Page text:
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Infantile spasms (IS) are the most frequent epileptic syndromes of the first year of life. Patients with chromosomal abnormalities account for 13% of prenatal etiologies of IS. Several chromosomal abnormalities have been reported in association with IS. Mutations in X-linked genes have also been described in association with IS: ARX (OMIM300382) and CDLK5 (RTT, OMIM312750 and ISSX, OMIM308350). The CACNA1A gene, located on chromosome 19p13, encodes the main subunit (1A) of the neuronal P/Q type voltage-gated calcium-ion channel. In humans, mutations in CACNA1A have been described in episodic ataxia type 2, spinocerebellar ataxia type 6, and familial hemiplegic migraine (Ophoff et al., 1996).

We report the case of a boy referred for psychomotor delay and overgrowth. He was born after a normal pregnancy, at 40 weeks of gestation. At birth, growth parameters were normal. Hypotonia and severe constipation were noted since the neonatal period. A few days before his hospital admission (at 12 months), his mother observed several clusters of spasms. Physical examination revealed hypotonia, psychomotor delay, and overgrowth [weight and height +2 standard deviations (SDs) and head circumference +3.5 SDs]. Dysmorphic features were noted (Fig. 1). At the age of 2 years, he was sitting independently and starting to pull himself up for standing. Weight was at +2 SDs, height was above +3 SDs, and head circumference (HC) at +2.5 SDs. Since we recorded both symmetric spasms in clusters and focal onset seizures on electroencephalography (EEG) (Fig. S1), vigabatrin was prescribed for 2 years. The patient is still seizure-free 18 months after vigabatrin withdrawn, at 4½ years of age.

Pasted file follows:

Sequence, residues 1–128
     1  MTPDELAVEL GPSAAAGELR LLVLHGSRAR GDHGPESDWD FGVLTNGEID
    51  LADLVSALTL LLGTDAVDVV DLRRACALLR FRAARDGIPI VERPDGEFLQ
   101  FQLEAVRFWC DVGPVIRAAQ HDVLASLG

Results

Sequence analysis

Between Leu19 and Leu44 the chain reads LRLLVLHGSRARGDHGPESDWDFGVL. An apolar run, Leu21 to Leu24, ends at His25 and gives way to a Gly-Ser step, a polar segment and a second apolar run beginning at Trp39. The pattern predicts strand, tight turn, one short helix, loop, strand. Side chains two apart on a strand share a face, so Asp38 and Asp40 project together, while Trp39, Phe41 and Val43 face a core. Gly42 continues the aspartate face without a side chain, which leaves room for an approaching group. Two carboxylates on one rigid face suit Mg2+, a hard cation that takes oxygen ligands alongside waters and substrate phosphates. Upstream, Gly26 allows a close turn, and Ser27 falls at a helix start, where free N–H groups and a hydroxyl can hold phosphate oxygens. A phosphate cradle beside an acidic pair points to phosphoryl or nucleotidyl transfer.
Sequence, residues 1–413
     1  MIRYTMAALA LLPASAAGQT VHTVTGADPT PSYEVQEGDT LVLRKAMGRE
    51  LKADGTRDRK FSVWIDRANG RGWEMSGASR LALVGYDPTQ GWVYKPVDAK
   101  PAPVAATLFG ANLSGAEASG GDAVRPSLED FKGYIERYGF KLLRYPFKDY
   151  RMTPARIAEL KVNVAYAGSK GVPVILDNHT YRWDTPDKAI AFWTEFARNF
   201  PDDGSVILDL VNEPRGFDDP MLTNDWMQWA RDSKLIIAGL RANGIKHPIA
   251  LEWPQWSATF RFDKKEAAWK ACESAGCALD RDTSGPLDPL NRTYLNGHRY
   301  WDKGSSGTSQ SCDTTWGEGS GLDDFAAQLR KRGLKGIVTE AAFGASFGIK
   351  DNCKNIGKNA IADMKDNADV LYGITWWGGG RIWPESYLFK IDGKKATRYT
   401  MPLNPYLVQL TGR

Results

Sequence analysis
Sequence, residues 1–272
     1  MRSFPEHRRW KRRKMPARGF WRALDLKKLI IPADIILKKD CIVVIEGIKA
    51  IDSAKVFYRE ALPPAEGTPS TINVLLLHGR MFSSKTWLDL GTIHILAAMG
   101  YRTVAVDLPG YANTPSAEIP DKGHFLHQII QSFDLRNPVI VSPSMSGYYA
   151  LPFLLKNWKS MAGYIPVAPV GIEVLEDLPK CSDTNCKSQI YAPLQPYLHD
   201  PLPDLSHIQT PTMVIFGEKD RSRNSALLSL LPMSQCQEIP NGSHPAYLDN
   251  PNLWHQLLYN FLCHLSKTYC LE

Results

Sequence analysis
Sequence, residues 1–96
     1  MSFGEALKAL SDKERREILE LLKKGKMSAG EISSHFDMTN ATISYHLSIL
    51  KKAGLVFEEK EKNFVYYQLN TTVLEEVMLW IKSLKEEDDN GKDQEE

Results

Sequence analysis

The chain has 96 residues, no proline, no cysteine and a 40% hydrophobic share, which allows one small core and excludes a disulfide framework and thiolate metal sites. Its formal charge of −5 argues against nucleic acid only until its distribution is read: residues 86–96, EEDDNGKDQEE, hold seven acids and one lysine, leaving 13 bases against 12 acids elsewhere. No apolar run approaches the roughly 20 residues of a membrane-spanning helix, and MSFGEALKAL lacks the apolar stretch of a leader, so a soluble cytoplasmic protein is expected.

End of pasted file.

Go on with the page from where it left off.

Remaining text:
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Figure 1.  (A) Genes included in the 19p13 deletion based on UCSC genome browser from May 2006 assembly (hg18) (http://genome.ucsc.edu/cgi-bin/hgGateway). (B) Note dysmorphic features with a high and large forehead, a flat philtrum, and a small mouth.